One study with over 1,000 pregnant women found that high doses of caffeine intake during pregnancy increase the risk of miscarriage. Another study with over 2,400 participants ultimately found little indication of caffeine’s possible harmful effects on miscarriage risk within the range of coffee and caffeine consumption reported. This study measured caffeine consumption as none, under 200 mg per day, and over 200 mg per day. This is the opposite of what the first study found. Are you confused yet? Digging into more research on miscarriage and caffeine doesn’t clarify the answer.

Risk of Preterm Birth

Concerns have also been raised about preterm birth and caffeine consumption. As with miscarriage, many studies on caffeine and preterm birth have conflicting findings. A meta-analysis including 22 studies found no association between caffeine intake during pregnancy and the risk of preterm birth.

How Much Caffeine is Safe?

The bottom line is more research is needed to determine what amount of caffeine is 100% safe during pregnancy. Most studies use 200 mg per day as the cut-off as low or moderate consumption. This is in line with most recommendations by national health agencies around the world. 

The most conservative approach would be to cut out caffeine completely. A more recent paper highlights that a growing, robust body of evidence from both epidemiological and animal studies unveils harmful effects of maternal gestational caffeine exposure, even from doses previously considered safe. The authors do make the important note that caffeine sensitivity is highly variable from individual to individual.

If you do not want to cut out caffeine completely, you may choose to limit your consumption to 200 mg or less per day. You may be comfortable increasing that limit. It comes down to what you are comfortable with.

Caffeine and Gestational Diabetes

Since coffee may increase your blood glucose levels, you may need to be more cautious with caffeine if you have gestational diabetes. Gestational diabetes is a type of diabetes that affects 6-7% of pregnancies. There is evidence that caffeine impaired insulin sensitivity in women with gestational diabetes. Please ask your doctor or midwife if you have any questions about caffeine and gestational diabetes.

Additionally, you may want to skip a cup of coffee before a glucose challenge screening or a glucose tolerance test. The glucose challenge screening is a standard routine test in the United States between 24-28 weeks to evaluate how your body is processing sugar.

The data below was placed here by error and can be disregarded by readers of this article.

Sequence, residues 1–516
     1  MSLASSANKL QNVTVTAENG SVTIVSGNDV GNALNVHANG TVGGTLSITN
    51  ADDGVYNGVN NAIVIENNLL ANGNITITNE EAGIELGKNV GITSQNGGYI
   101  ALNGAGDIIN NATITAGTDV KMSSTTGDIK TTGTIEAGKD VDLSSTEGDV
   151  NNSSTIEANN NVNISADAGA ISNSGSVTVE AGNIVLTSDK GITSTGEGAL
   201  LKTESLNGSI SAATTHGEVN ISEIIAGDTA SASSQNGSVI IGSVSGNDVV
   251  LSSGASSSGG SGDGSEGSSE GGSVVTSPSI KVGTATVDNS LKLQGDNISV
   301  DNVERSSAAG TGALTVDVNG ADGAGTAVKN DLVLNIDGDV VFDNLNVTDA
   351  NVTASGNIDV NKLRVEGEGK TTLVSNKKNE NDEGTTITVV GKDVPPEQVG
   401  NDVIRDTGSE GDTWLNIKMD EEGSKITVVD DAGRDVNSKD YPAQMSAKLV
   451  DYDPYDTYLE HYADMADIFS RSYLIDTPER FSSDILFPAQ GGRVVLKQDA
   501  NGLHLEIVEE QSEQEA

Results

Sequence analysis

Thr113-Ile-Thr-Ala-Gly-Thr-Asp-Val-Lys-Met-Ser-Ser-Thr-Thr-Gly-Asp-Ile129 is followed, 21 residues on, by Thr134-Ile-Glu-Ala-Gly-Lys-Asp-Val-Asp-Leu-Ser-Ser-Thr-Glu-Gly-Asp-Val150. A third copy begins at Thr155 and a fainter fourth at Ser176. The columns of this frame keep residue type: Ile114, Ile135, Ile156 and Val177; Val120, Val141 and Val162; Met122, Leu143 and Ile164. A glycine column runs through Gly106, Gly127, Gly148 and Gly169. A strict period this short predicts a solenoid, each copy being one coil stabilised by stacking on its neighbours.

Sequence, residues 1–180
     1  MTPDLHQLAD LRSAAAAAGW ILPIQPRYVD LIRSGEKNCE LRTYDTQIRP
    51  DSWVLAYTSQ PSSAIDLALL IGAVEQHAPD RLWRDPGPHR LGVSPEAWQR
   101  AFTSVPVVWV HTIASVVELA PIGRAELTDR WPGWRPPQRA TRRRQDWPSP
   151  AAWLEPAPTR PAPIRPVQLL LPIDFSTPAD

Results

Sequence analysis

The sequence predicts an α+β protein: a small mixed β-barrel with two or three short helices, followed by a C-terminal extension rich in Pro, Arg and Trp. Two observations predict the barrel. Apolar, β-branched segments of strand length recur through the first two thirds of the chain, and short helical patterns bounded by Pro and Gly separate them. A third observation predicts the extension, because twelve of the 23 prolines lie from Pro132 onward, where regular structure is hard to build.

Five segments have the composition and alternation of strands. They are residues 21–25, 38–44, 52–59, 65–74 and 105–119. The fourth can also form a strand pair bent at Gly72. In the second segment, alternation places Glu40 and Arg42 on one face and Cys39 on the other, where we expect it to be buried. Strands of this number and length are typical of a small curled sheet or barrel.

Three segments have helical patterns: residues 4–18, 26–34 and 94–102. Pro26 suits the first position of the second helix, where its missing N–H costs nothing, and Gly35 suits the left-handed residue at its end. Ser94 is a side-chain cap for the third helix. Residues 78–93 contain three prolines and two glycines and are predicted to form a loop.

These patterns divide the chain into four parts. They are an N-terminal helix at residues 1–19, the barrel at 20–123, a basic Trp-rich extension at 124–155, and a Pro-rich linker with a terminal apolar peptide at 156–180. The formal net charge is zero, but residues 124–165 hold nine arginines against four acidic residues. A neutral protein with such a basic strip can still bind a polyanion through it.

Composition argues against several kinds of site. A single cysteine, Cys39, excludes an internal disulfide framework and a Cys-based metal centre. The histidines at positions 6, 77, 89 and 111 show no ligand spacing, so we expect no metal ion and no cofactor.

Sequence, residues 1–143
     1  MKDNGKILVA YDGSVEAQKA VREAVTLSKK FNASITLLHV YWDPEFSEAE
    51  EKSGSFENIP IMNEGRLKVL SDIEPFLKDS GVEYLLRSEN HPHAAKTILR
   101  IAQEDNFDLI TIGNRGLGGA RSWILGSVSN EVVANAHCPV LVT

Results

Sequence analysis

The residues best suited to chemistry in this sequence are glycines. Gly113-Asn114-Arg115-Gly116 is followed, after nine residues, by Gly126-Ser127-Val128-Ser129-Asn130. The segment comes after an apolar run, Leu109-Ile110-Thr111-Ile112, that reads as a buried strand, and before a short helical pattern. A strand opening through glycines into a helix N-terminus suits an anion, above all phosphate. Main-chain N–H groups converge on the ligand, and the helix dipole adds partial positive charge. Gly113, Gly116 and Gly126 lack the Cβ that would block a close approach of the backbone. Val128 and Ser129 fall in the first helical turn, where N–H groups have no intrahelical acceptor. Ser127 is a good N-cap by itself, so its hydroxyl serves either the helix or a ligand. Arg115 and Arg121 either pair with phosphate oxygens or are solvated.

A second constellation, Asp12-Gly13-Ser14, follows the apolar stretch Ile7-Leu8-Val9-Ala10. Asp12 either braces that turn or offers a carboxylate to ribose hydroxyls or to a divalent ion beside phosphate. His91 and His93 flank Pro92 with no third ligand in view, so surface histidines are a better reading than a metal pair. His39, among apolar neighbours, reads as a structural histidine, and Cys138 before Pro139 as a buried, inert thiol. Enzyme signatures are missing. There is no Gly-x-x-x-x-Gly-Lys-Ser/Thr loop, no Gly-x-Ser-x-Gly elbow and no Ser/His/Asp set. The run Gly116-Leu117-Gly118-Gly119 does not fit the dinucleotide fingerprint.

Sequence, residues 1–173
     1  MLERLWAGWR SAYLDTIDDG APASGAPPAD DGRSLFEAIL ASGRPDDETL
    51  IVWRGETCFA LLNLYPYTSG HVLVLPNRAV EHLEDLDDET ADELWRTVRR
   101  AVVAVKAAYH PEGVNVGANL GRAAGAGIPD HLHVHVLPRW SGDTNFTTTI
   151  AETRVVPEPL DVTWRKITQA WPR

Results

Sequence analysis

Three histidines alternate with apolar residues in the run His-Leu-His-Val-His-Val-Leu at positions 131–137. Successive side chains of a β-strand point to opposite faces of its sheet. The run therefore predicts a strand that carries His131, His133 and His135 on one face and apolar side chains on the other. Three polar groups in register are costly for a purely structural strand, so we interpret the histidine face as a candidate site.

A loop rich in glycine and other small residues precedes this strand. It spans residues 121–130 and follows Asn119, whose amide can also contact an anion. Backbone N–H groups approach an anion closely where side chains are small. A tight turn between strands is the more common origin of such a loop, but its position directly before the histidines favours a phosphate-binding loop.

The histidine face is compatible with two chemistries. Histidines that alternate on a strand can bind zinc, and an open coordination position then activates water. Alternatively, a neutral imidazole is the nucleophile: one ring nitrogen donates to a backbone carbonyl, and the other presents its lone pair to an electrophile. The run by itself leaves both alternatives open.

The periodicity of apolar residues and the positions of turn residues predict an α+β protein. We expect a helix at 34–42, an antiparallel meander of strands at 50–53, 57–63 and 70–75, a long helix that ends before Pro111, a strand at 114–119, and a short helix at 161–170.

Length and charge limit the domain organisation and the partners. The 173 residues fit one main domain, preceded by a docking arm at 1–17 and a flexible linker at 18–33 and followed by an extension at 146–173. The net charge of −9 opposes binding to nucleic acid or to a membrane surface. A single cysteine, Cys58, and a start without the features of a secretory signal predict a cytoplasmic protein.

Caffeine and Sleep

Adenosine aids sleep onset, and if caffeine blocks adenosine receptors, you may feel awake. Once your body eventually processes the caffeine, all of the adenosine that accumulated in your system while you were under the effects of caffeine flood in. This “caffeine crash” can make you tired quickly. If you are consuming caffeine, whether or not you are pregnant, you want to consume it early enough in the day, so it does not affect your sleep.

Caffeine can make it more difficult to fall asleep and more difficult to stay asleep through the night. If you wake up tired, you are likely to start your day with more caffeine and start the cycle again. Given the half-life of caffeine, Dr. Matt Walker recommends avoiding caffeine within 12-14 hours before going to bed. Dr. Andrew Huberman recommends 8-10 hours. You can experiment with cutting off caffeine at different times to find what works best for you. See this episode for in-depth information on sleep.

Many new parents will experience a significant decrease in sleep with a newborn. As a result, many will use caffeine to feel more awake during the day. Caffeine can have a substantial impact on sleep. When you are decreasing the amount of sleep you get, you do not also want to reduce the quality of your sleep.

Breastfeeding and Caffeine Consumption

After you have your baby, you should be mindful of your caffeine consumption when you are breastfeeding because you can pass it through breast milk. The half-life of caffeine in a newborn has been estimated at as high as 100 hours. This decreases dramatically by six months. Some sources state the half-life of caffeine at six months is similar to adults. Other sources cite a much shorter half-life than adults at six months.